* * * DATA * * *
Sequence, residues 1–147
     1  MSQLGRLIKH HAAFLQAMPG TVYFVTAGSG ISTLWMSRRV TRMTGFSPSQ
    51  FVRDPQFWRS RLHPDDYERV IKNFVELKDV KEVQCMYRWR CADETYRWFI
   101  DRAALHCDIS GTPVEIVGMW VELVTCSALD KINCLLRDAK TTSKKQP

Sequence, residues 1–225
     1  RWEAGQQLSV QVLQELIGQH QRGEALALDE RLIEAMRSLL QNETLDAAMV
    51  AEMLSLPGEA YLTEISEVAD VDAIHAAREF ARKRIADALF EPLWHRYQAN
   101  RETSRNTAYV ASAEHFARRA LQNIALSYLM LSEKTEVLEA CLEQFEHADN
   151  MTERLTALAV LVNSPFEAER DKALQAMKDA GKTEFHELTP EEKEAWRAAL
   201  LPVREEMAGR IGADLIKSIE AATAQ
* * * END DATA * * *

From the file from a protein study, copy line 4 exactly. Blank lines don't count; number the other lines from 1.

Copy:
   101  DRAALHCDIS GTPVEIVGMW VELVTCSALD KINCLLRDAK TTSKKQP